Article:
Underlying profits shrank by almost a third at Glencore PLC (LON:GLEN) in the first half of the year and the commodities giant confirmed that it will shutter the huge Mutanda mine in Congo due to low cobalt prices.
Income attributable to shareholders slumped 92% to US$0.2bn due to lower average commodity prices and $888mln of impairment charges related to Chad oil and African copper assets as certain oil exploration licenses expire and revisions to the Mutanda mine plan.
Adjusted underlying earnings (EBITDA) dropped 32% to US$5.6bn, below the City consensus and the weakest since 2016, with earnings per share plummeting from US$0.19 to US$0.02 and cash generation before working capital changes was down 21% to US$3.5bn.
Commodity prices plunge
The falling prices of commodities had a great impact on the FTSE 100 group, with copper falling 11%, zinc 16% lower, lead falling 20%, nickel 11%, coal 14% and cobalt a whopping 58% as the market moved into oversupply.
Chief executive Ivan Glasenberg said the first-half performance reflected this challenging economic backdrop, as well as operating and cost “setbacks” at assets that are being ramped-up or developed,
Changes have been made to the African copper business to address the challenges at Katanga and Mopani, with several management changes and a detailed operational review, but Mutanda being moved to care and maintenance by year end, “reflecting its reduced economic viability in the current market environment, primarily in response to low cobalt prices”.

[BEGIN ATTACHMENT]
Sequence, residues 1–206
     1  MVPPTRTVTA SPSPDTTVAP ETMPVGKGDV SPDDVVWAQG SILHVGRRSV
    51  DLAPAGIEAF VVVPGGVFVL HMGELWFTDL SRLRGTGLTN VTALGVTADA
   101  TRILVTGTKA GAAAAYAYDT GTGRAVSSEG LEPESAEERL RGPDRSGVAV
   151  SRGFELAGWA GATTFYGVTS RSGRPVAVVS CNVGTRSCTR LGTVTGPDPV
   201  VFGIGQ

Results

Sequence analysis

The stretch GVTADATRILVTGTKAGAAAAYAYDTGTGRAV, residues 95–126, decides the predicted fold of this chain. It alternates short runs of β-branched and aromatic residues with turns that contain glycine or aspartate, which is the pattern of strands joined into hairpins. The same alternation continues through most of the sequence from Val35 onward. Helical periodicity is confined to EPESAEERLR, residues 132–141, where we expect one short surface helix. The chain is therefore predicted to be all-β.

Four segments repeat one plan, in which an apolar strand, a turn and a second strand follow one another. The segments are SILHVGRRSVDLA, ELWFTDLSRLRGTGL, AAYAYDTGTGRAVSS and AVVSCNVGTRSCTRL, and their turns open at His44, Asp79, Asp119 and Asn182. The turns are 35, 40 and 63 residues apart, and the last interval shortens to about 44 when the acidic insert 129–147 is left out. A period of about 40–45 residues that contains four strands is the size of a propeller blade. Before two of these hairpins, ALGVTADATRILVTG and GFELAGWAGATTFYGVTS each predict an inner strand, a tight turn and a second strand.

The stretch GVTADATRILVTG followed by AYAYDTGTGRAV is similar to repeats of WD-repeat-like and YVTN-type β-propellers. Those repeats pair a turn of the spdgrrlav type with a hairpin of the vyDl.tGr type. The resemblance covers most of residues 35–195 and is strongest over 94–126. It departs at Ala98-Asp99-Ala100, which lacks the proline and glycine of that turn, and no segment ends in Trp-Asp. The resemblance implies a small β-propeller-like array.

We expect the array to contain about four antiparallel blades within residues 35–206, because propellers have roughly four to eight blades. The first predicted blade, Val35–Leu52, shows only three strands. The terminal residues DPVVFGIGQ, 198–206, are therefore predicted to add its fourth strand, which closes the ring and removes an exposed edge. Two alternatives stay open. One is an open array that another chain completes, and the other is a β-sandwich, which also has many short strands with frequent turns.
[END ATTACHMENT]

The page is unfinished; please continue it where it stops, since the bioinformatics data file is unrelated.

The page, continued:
“The rest of our business, however, remained strong and performed well,” he said, adding that he believed that for most of Glencore’s commodities the first-half price moves “are not representative of underlying supportive fundamentals”.
The marketing business generated EBIT of $1bn, down 35%, but only 13% if $350mln of non-cash cobalt losses are ignored, while aiming for full year adjusted EBIT guidance of US$2.2bn-U$3.2bn.
“Looking ahead, we are confident that commodity fundamentals will move in our favour and that our diverse commodity portfolio will continue to play a key role in global growth and the transition to a low-carbon economy,” Glasenberg said.
With difficulties isolated in African Copper and the perpetually challenged Koniambo, RBC Capital Markets said the core of the business "remains resilient".
"Copper cost guidance has increased outside of Africa to $0.92 from $0.80 but coal costs appear to have fallen by $2/t which should help to offset."
RBC noted that Glencore's enterprise value now trading on 3.1 times its 2020 forecast EBITDA "although pricing, especially in base metals will need to do some work into this deteriorating economic environment, however value is starting to accrue and the company’s balance sheet remains, in the current environment at least, in a robust position, which is a significant divergence to 2015".
Russ Mould at AJ Bell said life is not easy for the commodities giant at present, though that might lead to “playing the world’s tiniest violin in response”.
“The company is at the sharp end of the current trade war between China and the US given the former is the world’s largest consumer of the metals it produces and trades,” he said, giving the nod to the swift action to deal with African operational problems of its own making.
“Now it just needs to deal with probes by US authorities and the depressed state of a thermal coal market which had previously fuelled its profit. Which is likely to be just as difficult as it sounds.”
Glencore shares fell around 4% on Wednesday morning and were still around that level at 222.75p by the afternoon.